Representatives from Blaise Pascal University in France visited the New Mexico Highlands University campus June 23 as part of a geology student exchange program the two universities established earlier this year.
The exchange program provides students with broad-based undergraduate education in the geosciences while promoting quality field and laboratory research and international experience.
Highlands University environmental geology professor Michael Petronis and Blaise Pascal University geology professor Benjamin Van Wyk de Vries developed the exchange program.
“Dr. Petronis was instrumental in establishing the collaboration with Blaise Pascal University and is also responsible for opening up a range of international research opportunities for Highlands University students,” said Linda LaGrange, associate vice president for academic affairs. “What we hope to achieve in our meeting with the representatives from Blaise Pascal is an expansion of these international study opportunities that will include Highlands’ students from a variety of other disciplines.”
Rhonda Trujillo, a Highlands University geology graduate student, is the first to participate in the exchange program. This summer she conducted field research on extinct volcanoes in the Chaine du Puys mountains of south-central France.
Trujillo worked in Blaise Pascal University’s Magma and Volcano Laboratory, and presented guest lectures about the geology of Northern New Mexico. She also assisted with an English language class.
Van Wyk de Vries supervised Trujillo’s research at Blaise Pascal.
Marine Foucher is a graduate geology student from Blaise Pascal and the first from her university to visit Highlands for the exchange. She’s conducting research this summer at the Cerros del Rio extinct volcano field west of Santa Fe and is working in Highlands University’s Paleomagnetic Laboratory.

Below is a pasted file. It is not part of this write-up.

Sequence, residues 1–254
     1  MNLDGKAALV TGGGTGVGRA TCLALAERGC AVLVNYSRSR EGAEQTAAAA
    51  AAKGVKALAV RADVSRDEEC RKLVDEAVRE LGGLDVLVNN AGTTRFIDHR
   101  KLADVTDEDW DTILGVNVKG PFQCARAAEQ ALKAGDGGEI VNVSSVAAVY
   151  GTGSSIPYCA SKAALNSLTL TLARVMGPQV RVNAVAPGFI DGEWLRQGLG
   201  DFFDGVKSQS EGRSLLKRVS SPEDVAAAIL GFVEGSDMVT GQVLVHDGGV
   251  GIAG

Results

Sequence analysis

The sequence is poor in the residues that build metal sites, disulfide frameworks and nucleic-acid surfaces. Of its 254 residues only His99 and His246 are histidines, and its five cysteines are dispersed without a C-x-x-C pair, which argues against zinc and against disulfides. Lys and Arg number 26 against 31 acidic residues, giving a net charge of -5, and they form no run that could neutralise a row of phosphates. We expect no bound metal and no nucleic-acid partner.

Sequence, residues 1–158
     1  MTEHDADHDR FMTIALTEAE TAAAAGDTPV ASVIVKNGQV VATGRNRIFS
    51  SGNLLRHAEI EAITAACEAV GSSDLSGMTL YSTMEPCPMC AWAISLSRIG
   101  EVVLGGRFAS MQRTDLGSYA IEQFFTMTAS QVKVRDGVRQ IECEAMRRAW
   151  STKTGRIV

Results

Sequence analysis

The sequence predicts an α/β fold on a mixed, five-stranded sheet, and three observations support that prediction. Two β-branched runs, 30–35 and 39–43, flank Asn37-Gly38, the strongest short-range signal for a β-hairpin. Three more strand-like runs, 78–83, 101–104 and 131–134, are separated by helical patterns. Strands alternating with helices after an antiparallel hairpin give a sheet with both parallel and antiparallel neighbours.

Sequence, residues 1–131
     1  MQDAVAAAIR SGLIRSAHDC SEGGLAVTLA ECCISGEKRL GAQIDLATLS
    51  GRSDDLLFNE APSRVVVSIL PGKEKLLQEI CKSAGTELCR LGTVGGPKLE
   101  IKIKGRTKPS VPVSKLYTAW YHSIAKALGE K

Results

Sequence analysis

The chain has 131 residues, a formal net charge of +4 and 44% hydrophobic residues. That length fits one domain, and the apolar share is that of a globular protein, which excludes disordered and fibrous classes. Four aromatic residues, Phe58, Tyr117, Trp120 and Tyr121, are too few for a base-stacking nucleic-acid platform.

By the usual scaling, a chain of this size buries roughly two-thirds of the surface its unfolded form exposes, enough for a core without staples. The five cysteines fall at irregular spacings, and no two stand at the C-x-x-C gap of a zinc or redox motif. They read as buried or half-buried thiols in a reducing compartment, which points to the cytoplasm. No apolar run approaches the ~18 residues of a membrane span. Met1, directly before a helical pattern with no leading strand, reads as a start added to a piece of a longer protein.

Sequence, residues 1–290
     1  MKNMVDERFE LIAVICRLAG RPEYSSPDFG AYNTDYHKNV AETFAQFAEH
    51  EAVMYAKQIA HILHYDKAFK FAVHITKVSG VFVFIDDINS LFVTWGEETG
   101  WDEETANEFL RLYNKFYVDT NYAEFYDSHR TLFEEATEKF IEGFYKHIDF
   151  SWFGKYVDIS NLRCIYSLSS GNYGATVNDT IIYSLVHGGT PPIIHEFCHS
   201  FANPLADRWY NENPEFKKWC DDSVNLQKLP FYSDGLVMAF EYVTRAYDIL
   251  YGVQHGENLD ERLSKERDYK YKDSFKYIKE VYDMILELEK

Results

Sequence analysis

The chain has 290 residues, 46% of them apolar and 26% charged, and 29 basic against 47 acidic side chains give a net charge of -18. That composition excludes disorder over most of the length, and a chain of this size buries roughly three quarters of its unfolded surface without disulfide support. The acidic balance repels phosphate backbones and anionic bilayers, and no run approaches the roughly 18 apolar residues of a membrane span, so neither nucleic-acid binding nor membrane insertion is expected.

Foucher will also assist with an ongoing paleoclimate research project Highlands University is conducting at the Las Vegas National Wildlife Refuge.
Petronis is supervising Foucher’s research at Highlands, which will be integrated into her master’s thesis.
Foucher will join a research team from Highlands that includes Petronis, fellow geology professor Jennifer Lindline, and several geology students. The team will conduct geological fieldwork at New Mexico sites including the Cerros del Rio, the Valles Calderas National Preserve, and the Jemez Mountains.
“This new exchange program gives students an opportunity to gain global competency, gain international research experience, and develop contacts and mentors at the international level,” Petronis said. “They complete a research project tailored to their interest and aligned with their mentor’s expertise.”
Highlands University’s portion of the exchange program is partially funded through a grant Petronis secured from the National Geographic Society. The university’s Office of Research and Sponsored Projects also provides financial support, along with some funding from the Blaise Pascal International Research Office.